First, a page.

3. I need to pause here and give some c-section advice to those of you who will end up with one. With our c-section rates higher than ever, it's virtually a guarantee that at least one person reading this post will get one. I have had both stitches and staples. When you get the staples out, do it sooner rather than later. If you wait a week, it will sting getting them out. My doctor has them routinely removed the fourth day after my surgery just before I leave the hospital. It doesn't really hurt so don't worry much about that part. Just take deep breaths. The first time you stand up, be sure to take some pain meds about 30 minutes beforehand to lessen the pain. You also need to use your stomach muscles as little as possible to sit up as this puts pressure on the incision and makes it feel more painful. When you stand up, brace your stomach either with a wrap you can wear or with a blanket/pillow against the incision. This lessens the pull on the incision and makes it hurt less to walk around. At home, arrange for at least a week of help so you can recover. You really need to be resting as much as possible so you'll heal faster.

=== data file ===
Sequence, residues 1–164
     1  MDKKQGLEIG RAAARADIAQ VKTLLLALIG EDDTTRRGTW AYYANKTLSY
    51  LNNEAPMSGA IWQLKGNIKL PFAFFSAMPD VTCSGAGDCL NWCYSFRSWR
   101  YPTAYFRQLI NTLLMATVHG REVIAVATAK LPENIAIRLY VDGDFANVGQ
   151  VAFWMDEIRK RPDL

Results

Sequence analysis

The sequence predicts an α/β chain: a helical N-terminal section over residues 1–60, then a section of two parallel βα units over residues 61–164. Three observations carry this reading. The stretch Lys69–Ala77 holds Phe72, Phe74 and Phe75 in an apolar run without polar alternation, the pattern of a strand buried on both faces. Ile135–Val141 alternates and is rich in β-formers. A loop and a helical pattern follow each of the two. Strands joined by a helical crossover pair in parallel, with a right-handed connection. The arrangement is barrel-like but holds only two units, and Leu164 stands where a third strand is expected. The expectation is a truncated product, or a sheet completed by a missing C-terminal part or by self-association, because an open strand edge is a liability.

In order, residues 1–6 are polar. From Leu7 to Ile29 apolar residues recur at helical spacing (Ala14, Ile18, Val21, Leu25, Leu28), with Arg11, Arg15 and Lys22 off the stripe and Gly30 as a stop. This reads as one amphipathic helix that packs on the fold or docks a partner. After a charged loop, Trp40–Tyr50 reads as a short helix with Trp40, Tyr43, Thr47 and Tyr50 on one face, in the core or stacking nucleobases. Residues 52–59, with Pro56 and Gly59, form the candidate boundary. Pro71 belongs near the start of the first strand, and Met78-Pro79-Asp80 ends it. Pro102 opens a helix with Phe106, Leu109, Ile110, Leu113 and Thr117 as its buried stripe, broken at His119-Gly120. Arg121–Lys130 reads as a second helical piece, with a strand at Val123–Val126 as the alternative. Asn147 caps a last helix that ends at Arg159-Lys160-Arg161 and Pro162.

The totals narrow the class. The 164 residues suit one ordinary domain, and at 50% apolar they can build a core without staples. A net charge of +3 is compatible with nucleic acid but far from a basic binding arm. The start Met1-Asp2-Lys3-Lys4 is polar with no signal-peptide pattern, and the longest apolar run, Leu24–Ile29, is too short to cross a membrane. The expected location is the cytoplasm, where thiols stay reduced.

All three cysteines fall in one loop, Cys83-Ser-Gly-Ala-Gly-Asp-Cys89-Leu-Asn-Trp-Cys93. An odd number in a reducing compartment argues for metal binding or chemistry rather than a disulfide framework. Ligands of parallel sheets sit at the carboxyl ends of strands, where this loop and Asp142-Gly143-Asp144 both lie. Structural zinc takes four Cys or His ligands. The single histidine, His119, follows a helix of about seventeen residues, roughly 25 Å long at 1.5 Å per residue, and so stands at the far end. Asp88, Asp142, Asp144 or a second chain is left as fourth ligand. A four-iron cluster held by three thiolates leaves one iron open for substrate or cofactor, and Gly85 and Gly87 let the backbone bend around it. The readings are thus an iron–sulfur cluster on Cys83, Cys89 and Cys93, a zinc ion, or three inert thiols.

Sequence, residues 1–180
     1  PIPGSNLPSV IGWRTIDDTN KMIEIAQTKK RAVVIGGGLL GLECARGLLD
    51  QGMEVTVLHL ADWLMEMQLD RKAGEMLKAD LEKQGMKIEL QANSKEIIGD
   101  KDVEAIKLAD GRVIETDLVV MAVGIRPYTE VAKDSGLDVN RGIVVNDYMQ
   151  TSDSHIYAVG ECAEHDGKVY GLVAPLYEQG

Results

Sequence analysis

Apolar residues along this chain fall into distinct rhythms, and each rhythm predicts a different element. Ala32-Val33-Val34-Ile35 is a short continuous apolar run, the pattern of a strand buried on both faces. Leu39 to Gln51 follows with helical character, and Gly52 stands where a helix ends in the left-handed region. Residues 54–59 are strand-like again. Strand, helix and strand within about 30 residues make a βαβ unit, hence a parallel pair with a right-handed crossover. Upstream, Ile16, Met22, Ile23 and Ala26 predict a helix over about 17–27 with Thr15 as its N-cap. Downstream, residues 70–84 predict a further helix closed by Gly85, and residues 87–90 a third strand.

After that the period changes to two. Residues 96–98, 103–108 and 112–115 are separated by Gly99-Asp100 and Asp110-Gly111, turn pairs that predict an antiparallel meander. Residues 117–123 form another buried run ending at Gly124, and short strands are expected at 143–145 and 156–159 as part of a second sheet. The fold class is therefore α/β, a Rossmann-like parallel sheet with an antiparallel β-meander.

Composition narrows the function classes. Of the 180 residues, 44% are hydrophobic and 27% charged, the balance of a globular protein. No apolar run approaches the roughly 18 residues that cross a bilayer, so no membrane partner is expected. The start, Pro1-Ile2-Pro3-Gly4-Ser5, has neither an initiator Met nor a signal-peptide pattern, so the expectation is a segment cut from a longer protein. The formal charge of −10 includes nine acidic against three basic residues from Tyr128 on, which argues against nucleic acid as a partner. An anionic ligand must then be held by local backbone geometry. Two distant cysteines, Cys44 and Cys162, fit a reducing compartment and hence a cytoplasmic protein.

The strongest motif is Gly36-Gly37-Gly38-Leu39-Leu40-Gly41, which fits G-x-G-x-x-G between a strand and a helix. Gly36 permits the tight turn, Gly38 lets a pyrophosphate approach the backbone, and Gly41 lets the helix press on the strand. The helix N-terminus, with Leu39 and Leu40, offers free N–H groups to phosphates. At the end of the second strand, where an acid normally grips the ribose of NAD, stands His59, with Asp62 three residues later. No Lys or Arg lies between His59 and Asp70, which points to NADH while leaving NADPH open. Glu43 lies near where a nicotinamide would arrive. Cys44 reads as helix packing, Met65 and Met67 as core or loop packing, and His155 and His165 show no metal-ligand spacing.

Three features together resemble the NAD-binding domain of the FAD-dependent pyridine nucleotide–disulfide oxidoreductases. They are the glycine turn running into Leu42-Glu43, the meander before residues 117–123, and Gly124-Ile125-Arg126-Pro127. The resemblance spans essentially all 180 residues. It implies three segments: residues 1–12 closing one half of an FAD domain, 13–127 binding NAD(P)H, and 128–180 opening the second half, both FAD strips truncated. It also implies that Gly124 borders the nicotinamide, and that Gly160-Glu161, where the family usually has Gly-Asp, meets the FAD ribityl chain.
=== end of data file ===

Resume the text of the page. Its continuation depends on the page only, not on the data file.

Back to tips for everyone. :)

4. Don't worry about making your home look perfect for now. The best piece of advice I was ever given is that your only job in the first six weeks, is to keep your baby alive. This means changing diapers, keeping them warm enough/cool enough, feeding them, loving them, meeting all of their needs. What the house looks like doesn't really matter right now and if you try to keep up with it, you're just going to frustrate yourself. This brings us back to tip #2. If the house bugs you, let others help you out. If it doesn't, then just let it go until you get into a routine with your baby.